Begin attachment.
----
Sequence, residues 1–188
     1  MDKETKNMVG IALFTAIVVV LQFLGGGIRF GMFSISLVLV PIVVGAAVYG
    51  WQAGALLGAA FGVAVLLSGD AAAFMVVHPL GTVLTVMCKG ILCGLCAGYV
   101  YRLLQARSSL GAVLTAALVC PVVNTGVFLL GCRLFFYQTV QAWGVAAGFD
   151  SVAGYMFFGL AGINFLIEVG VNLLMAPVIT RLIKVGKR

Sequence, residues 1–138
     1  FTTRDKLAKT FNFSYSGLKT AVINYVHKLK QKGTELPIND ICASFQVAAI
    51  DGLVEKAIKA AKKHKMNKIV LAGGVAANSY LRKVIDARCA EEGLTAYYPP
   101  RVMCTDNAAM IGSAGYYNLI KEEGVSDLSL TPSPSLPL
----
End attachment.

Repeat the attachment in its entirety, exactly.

Sequence, residues 1–188
     1  MDKETKNMVG IALFTAIVVV LQFLGGGIRF GMFSISLVLV PIVVGAAVYG
    51  WQAGALLGAA FGVAVLLSGD AAAFMVVHPL GTVLTVMCKG ILCGLCAGYV
   101  YRLLQARSSL GAVLTAALVC PVVNTGVFLL GCRLFFYQTV QAWGVAAGFD
   151  SVAGYMFFGL AGINFLIEVG VNLLMAPVIT RLIKVGKR

Sequence, residues 1–138
     1  FTTRDKLAKT FNFSYSGLKT AVINYVHKLK QKGTELPIND ICASFQVAAI
    51  DGLVEKAIKA AKKHKMNKIV LAGGVAANSY LRKVIDARCA EEGLTAYYPP
   101  RVMCTDNAAM IGSAGYYNLI KEEGVSDLSL TPSPSLPL